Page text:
Female: Women are at greater risk than men. Age – being 50 and above poses the highest risk of thyroid disease, though it can strike at any age. A personal or family history of thyroid and/or autoimmune disease increases risk. Surgical removal of all or part of the thyroid, or radioactive iodine treatment to the thyroid — both which typically result in an underactive thyroid. Being left-handed, ambidextrous or prematurely gray mean greater risk of autoimmune disease, including thyroid problems, Being pregnant or within the first year after childbirth, Current or former smoker, Recent exposure to iodine via contrast dye or surgical antiseptic, Iodine or herbal supplements containing iodine, in pill or liquid form, Living in an iodine-deficient area, Various medical treatments, including Interferon Beta-1b, Interleukin-4, immunosuppressants, antiretrovirals, monoclonal antibody (Campath-1H), bone marrow transplant, Lithium, amiodarone (Cordarone), and other medications, Overconsumption of raw goitrogenic foods, i.e., Brussel sprouts, turnips, cauliflower, soy products and others, Overconsumption of soy foods and soy isoflavones, Recent neck trauma, biopsy, injection or surgery, Radiation exposure, through radiation to neck area, or exposure to nuclear facility or accident, i.e., Chernobyl, High stress life events. Just to name a few.
Blood Tests to Detect Inflammation
If you have inflammation in a part of your body then extra protein is often released from the site of inflammation and circulates in the bloodstream. The erythrocyte sedimentation rate (ESR), C-reactive protein (CRP) and plasma viscosity (PV) blood tests are commonly used to detect this increase in protein, and so are markers of inflammation.
Erythrocyte sedimentation rate, C-reactive protein and plasma viscosity blood tests
Erythrocyte sedimentation rate (ESR) – A blood sample is taken and put in a tube that contains a chemical to stop the blood from clotting. The tube is left to stand upright. The red blood cells (erythrocytes) gradually fall to the bottom of the tube (as sediment). The clear liquid plasma is left at the top. The ESR measures the rate at which the red blood cells separate from the plasma and fall to the bottom of a test tube. The rate is measured in millimetres per hour (mm/hr). This is easy to measure as there will be a number of millimetres of clear liquid at the top of the red blood after one hour. If certain proteins cover red cells, these will stick to each other and cause the red cells to fall more quickly. So, a high ESR indicates that you have some inflammation, somewhere in the body. Levels of ESR are generally higher in females and also the level increases with increasing age.
C-reactive protein (CRP) – This is sometimes called an acute phase protein. This means that the level of CRP increases when you have certain diseases which cause inflammation. CRP can be measured in a blood sample.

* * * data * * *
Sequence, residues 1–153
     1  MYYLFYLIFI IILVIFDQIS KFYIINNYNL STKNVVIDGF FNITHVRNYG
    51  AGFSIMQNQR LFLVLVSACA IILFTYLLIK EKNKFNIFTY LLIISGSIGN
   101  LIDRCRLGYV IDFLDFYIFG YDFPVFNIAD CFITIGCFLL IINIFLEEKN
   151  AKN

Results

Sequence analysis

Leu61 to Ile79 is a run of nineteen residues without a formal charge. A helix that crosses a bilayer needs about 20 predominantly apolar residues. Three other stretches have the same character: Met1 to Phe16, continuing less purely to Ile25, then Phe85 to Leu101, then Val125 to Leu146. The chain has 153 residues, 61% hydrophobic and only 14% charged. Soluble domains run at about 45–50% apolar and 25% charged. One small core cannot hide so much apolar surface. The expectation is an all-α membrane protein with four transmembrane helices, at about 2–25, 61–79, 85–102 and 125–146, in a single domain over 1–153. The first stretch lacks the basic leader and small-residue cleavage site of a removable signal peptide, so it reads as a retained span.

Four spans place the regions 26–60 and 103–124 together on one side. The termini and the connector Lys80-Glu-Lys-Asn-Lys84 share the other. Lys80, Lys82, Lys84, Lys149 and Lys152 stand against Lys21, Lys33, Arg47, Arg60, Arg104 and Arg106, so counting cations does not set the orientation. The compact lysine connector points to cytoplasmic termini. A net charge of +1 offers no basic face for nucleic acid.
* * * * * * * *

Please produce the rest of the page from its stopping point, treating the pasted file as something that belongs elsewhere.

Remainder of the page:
Plasma viscosity (PV) – The conditions which the ESR test monitors can also be monitored by the PV test. However, it is more difficult to perform and is not as widely used as ESR testing. 1. Stop smoking. Smoking hardens the arteries and could send CRP levels surging. But research shows you can reverse all the damaging effects to your arteries within 10 years of quitting.
1. Stop smoking. Smoking hardens the arteries and could send CRP levels surging. But research shows you can reverse all the damaging effects to your arteries within 10 years of quitting.
2. Think olive oil, fish, and nuts. Researchers have shown that overweight folks who stick with a Mediterranean-style diet—based on fruits, vegetables, whole grains, nuts, and olive oil—can lower their levels of inflammation. “An anti-inflammatory diet is about reducing saturated fat and trans fats and eating more foods rich in alpha-linolenic acid—like flaxseed, walnuts, and canola oil—and omega-3 fats, which fight inflammation. Scientists have shown that the typical American fast-food diet increases heart attack risk by 30 percent.
3. Get active. No one wants to exercise, but it’s a great way to lower inflammation without any side effects associated with medications. An ideal amount? Not too much (which raises inflammation) and not too little. Aim for five days a week of steady exercise (brisk walking, swimming, biking) for 30 to 45 minutes.
4. Shrink your waist size. Take a tape measure and measure your waist, right around the point of your bellybutton. If you’re a woman with a waist measurement of over 35 inches or a man with a waist of over 40 inches, you probably have high inflammation. Whittling a few inches off the waist by reducing your portions and increasing activity can go a long way toward solving that problem.